Thursday, February 24, 2005

Meanwhile back in Togo...

Update March 2nd:
I am editing this post today due to an unfortunate choice of words I used in my original posting which offended a group of people that I did not intend to insult. Therefore, a few paragraphs have been deleted and a sentence here and there to return focus to issues in Togo and my experiences with the few Togolese people that I know here in Germany.

What remains from the incident is a real smarting (menatlly fortunately) and food for thought about the sensitivities of various individuals, groups, and entire nations blog authors and their readers address and attack everyday with their postings and their comments. I am bound to make these types of mistakes again in the future as I experiment with web publishing via blogs. Fortunately I have picked up an angel or two along the way to help me when I get too careless with my writing.

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Here is a report from the U.N.'s IRINnews with firsthand accounts from teachers and parents of school-aged children in Togo speaking of the difficulties they faced under the regime headed by Faure's deceased father, President Gnassingbe Eyadema. Of course, Fauré is going to fix all of this as soon as he is officially elected president within the next 60 days +/- a few months or so. After reading a number of news articles recently and listening to my Togolese friends speak about their country over the past many years I have to wonder about the part where the U.S. is calling for sanctions and cutting-off arms sales to Togo. What the He-- are we doing selling arms to the government of Togo? Who else has been selling Eyadema's regime weapons?

I sort of like that part in the IRINnews article which goes like this:

“This is Togo,” sighs her colleague, 33-year-old Akouete Attiogbe. “We have a saying here: If there’s no hound to take hunting, just take a sheep instead.”

So if you had a chance to read my previous posts on Togo, Justin and Vincent are doing just fine, and they are not acting like sheep no more. They are behaving more like bloodhounds these days and they say they are hunting for freedom for their people and I am gonna be running right along side of them for the next several weeks hunting for it too.

The U.N. Office for the Coordination for Humanitarian Affairs news site IRINnews.org has another good backgrounder story on Togo describing life in the country under decades of very poor governance and sanctions. After reading just these two brief reports from IRINnews you tell me how these people are going to be able to hold free and fair elections without some serious help from the outside? Who is going to help them, the ruling party and fatcats sitting in Lomé? Fauré Gnassingbe is flying around Africa today trying to get some advice from Omar "Jimmy" Bongo of Gabon and Col. Moammar Ghadafi of Libya about what he should do in the face of international pressure to step down from the presidency. Maybe he should call his father's best friends in Europe, Jacques Chirac & Co. I'm sure that Les French have a suggestion or two for Fauré.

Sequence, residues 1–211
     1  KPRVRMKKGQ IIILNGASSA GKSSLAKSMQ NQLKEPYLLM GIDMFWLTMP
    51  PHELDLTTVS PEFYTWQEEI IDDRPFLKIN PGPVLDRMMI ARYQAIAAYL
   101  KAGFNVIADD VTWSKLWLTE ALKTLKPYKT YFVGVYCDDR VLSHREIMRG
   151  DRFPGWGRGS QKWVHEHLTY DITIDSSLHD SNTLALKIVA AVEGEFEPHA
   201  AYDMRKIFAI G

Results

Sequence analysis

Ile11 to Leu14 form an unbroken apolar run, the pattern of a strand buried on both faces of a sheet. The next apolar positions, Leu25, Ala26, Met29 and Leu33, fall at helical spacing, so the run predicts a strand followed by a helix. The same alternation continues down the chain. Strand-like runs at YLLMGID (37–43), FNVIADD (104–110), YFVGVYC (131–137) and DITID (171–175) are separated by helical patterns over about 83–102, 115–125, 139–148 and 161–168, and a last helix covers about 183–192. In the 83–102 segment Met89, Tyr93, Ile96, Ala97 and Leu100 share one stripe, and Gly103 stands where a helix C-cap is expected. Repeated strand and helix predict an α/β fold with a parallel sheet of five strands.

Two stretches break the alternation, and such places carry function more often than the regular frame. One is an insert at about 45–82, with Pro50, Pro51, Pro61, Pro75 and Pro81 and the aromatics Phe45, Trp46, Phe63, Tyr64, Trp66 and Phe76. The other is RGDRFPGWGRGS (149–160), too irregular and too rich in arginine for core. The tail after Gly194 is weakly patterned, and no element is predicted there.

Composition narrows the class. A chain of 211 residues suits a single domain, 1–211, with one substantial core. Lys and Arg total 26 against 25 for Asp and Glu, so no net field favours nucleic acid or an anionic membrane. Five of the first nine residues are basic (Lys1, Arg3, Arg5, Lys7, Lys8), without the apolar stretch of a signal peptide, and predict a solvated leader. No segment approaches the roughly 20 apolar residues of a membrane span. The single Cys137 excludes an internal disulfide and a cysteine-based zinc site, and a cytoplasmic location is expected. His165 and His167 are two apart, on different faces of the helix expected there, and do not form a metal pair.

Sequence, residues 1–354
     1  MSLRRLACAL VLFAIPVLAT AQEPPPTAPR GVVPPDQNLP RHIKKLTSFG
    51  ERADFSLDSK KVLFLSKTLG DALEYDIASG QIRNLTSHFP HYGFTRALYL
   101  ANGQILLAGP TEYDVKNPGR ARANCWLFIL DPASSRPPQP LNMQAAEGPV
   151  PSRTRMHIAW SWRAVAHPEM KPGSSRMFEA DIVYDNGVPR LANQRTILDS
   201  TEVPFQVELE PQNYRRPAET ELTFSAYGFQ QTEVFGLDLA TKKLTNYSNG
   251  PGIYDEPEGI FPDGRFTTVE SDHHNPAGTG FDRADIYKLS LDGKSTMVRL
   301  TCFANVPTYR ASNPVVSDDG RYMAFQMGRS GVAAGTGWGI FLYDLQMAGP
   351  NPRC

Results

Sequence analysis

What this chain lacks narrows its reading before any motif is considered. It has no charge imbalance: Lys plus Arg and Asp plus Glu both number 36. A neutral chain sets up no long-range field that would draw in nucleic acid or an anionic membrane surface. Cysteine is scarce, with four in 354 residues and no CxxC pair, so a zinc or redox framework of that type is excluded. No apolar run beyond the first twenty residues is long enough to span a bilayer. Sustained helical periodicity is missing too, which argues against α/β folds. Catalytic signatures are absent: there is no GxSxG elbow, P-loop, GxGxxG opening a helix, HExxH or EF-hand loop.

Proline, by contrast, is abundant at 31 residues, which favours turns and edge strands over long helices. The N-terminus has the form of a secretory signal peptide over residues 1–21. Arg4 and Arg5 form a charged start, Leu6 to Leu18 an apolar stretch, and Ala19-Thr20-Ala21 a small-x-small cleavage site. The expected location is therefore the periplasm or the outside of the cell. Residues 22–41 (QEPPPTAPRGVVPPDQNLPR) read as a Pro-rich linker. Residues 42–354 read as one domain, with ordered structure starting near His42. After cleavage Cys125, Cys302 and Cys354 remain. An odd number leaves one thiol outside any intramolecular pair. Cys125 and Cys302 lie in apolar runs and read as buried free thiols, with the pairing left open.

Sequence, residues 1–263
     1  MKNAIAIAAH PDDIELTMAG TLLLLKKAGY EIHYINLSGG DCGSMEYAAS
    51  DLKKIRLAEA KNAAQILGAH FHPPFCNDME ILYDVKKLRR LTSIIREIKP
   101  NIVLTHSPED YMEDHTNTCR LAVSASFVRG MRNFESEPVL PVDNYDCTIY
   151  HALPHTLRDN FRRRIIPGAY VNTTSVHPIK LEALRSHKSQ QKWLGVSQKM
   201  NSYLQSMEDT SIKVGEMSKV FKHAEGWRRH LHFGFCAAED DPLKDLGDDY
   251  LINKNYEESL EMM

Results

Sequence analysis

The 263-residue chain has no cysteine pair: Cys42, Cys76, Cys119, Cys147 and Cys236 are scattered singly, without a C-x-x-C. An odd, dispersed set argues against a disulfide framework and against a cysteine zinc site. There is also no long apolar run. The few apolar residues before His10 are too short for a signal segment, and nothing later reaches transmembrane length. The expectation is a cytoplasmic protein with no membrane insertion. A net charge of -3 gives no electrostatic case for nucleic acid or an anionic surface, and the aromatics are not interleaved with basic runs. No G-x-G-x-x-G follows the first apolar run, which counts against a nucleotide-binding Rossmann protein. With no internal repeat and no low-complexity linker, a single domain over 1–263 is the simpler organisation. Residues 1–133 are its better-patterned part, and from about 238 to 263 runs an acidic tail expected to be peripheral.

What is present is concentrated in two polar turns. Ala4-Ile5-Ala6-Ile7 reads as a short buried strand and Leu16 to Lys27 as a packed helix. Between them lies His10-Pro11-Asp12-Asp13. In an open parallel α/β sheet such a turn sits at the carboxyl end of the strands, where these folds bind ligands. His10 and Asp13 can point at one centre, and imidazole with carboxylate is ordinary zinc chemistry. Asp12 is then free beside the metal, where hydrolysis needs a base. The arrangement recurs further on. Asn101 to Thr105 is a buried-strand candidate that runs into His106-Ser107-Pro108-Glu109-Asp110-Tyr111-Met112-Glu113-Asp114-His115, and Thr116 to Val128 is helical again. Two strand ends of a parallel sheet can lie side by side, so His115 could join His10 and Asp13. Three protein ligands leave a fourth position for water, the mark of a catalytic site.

Update March 3rd: I misspelled not only the Colonel's name but that of his country as well in my original posting. The Colonel would not appreciate that you know with all that money he is spending on advertising these days. My apologies.

2 comments:

Mama JunkYard said...

Reading through this post I couldn't help but ask what was meant by this

"And I thought they were so nice and friendly just like on TV"

It raises a lot of questions and not wanting to take up too much time of your blog space I have responded at my place.

Black River Eagle said...

Hi Kui,

I have already responded to the posting on your blog before writing this brief comment. I didn't realize that you are Mama Junkyard so I was responding to what I thought was a stranger.

Nonetheless, the "spat" as Mshairi called it should be laid to rest as there are so many other important matters for all of us to focus on.

I hope that my explanation on your blog today clears this up, for you at least. I must admit after reviewing my posting here that I was still "steaming" when I wrote this piece.

Mshairi tells me that most Kenyans are very nice and friendly, and I believe her. She failed to tell me that they are EXTREMELY sensitive. Now I know.

P.S. There are no (known) limitations to text entries on Blogger's comments tools. They've got plenty of storage capacity for their users and you could write a book to Blogger comments tools if you want...:-)